- Asian stocks erased early losses, aided by a late recovery in Hong Kong equities and gains in Japanese shares. The MSCI Asia Pacific Index was little changed after declining as much as 0.4%, with sub-gauges of industrials and consumer discretionary stocks climbing the most and technology shares falling. Benchmarks in Japan advanced more than 1% after the nation’s central bank governor indicated a continuation of easy monetary policy until there’s a shift in its assessment for stably achieving its inflation target. Hong Kong’s key gauge pared most of its losses amid buying by onshore Chinese investors. Markets in Malaysia and Indonesia were shut for holidays. Stocks rose elsewhere in Southeast Asia, while Taiwan’s benchmark slipped.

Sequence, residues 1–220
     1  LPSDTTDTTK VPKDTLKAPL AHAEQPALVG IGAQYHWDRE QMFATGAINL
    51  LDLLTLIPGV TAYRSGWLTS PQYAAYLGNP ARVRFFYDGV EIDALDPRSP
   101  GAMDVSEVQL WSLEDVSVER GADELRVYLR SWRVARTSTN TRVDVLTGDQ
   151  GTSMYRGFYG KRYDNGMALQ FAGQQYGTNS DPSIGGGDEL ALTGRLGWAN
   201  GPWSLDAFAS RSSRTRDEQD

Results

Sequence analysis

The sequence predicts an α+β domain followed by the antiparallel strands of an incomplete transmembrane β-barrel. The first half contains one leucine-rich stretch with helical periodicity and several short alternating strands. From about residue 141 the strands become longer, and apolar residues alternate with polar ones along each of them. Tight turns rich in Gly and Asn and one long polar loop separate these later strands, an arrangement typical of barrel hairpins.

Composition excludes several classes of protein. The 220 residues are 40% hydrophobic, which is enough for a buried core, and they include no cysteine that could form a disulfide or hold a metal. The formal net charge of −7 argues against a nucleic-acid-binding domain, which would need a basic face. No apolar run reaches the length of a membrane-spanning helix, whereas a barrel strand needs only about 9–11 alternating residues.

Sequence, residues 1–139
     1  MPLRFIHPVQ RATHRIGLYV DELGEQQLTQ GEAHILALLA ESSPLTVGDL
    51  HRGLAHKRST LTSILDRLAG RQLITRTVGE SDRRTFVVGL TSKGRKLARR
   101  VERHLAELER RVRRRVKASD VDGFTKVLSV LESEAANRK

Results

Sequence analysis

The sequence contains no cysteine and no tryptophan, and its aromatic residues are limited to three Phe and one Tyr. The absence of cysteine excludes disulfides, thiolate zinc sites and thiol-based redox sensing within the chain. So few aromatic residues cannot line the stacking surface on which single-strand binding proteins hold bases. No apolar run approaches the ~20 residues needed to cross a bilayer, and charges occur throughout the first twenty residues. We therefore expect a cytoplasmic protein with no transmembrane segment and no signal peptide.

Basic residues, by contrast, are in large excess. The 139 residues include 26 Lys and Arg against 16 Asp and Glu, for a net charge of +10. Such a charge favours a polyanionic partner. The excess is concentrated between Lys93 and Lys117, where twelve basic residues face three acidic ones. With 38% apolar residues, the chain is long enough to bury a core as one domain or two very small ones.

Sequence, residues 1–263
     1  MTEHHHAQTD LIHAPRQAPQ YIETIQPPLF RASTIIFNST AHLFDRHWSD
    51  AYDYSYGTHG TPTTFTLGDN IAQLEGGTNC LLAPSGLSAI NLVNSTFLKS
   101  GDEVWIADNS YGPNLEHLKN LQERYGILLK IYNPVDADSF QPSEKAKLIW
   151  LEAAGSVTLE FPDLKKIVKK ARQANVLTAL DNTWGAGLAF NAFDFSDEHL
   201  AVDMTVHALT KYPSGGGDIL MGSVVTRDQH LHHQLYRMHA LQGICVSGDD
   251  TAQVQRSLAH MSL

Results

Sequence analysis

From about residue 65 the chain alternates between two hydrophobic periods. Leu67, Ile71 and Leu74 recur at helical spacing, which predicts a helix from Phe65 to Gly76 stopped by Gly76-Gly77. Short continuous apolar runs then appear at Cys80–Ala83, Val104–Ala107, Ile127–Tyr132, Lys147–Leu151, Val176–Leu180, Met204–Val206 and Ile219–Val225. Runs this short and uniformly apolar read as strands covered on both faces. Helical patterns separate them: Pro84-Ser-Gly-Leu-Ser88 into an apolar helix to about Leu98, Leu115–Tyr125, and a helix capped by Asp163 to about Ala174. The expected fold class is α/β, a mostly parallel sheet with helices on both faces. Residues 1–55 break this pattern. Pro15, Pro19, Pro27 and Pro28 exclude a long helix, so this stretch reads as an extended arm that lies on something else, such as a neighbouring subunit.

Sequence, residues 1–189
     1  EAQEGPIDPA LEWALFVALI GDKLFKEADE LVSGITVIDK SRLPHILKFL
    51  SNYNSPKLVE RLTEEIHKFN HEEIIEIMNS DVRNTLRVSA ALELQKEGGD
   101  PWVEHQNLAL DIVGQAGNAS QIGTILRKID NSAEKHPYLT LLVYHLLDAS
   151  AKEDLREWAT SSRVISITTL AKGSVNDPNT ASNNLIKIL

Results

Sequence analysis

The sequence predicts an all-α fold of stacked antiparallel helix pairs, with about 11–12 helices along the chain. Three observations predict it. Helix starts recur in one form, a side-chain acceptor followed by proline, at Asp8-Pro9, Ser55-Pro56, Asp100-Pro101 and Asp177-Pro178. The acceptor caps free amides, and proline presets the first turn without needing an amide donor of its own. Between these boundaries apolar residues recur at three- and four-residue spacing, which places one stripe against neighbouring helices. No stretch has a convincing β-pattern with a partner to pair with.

- Oil rose to trade around $80 a barrel in London as traders weighed signs of tightening in the global crude market against a shaky economic backdrop. Brent futures added 0.6% in thin trading volumes on Wednesday. It rose the previous session as data showed that Russia’s crude shipments fell to a six-month low in the four weeks to July 16. The curbs suggest that Moscow is fulfilling a pledge with its partners in the OPEC+ coalition to rein in supplies. Oil has been buffeted over the past couple of months as investors weigh China’s stuttering recovery against supply cuts by OPEC+ heavyweights Saudi Arabia and Russia, and indications that the Federal Reserve may be close to concluding a cycle of interest-rate hikes. Prices have made a decisive break higher since late June on signs that the market may finally be tightening, but are still lower for the year.